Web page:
Vanderbilt Journal of Transnational Law


Richard N. Dean

First Page



The purpose of this Essay has been to provide, in somewhat summary fashion, basic background and guidelines to assist Western companies that are considering commercial transactions in the Soviet Union. It was not intended to be an exhaustive analysis of all factors that may affect the negotiation, completion and implementation of commercial transactions in the Soviet Union. Rather, we have drawn from our experience in assisting our clients over the last three years in the USSR and have attempted to provide an appropriate context for the consideration of potential business opportunities.

In our experience, the most effective perspective to adopt in evaluating commercial opportunities in the Soviet Union is to weigh the risks and the benefits and, in particular, to appreciate the difficulties in accomplishing a Western-style business transaction amidst extraordinary political, social, economic, and legal turmoil in a culture that is vastly different from our own.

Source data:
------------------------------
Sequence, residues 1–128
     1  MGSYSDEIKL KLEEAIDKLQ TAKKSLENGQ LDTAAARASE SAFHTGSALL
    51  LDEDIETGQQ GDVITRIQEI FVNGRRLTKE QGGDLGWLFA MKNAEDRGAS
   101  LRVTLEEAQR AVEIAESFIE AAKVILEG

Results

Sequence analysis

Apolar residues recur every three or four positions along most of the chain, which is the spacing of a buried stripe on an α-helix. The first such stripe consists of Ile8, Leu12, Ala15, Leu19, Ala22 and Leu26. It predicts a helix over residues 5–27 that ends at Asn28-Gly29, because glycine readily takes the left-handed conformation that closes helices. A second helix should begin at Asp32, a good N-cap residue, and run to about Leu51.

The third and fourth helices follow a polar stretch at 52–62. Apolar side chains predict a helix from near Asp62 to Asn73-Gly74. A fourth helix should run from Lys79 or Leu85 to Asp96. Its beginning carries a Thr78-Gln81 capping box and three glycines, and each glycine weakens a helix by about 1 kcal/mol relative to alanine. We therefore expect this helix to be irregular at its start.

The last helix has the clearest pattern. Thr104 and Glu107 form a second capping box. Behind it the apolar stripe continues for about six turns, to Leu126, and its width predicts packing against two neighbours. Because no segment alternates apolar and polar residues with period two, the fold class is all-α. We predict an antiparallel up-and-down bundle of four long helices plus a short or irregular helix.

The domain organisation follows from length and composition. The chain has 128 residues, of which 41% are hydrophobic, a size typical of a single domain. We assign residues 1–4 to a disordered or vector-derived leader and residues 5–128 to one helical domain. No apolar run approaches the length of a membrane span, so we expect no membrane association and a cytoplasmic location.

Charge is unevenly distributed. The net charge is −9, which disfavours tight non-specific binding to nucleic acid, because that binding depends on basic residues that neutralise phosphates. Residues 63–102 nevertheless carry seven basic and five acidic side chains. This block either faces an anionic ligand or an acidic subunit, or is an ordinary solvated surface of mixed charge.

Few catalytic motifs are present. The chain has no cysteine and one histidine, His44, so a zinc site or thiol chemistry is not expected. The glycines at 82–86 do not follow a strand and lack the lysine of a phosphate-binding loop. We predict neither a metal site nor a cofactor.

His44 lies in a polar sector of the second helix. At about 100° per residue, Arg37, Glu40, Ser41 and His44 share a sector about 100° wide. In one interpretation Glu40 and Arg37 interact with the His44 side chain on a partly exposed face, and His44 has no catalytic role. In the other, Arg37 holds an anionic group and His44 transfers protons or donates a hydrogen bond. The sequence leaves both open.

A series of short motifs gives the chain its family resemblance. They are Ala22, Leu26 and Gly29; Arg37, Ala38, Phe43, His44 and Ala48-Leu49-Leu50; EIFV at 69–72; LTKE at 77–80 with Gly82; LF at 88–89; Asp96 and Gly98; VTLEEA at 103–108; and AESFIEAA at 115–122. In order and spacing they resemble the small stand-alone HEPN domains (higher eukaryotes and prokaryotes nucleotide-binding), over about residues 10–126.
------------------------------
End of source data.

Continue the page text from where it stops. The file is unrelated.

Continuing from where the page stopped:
No one knows yet whether recent events in the Soviet Union herald genuine reform and progress towards a more open, democratic system and a more market-oriented economy, or mark the destruction of an empire headed, at least in the short term, to chaos and breakdown. Therein lies the key risk in entering the Soviet market. Foreign companies that take up the challenge must be courageous, patient, and well-prepared. Few, if any, such companies will enjoy short-term rewards. Only those that develop and implement a long-term strategy will effectively secure themselves a place in the Soviet marketplace of the next generation.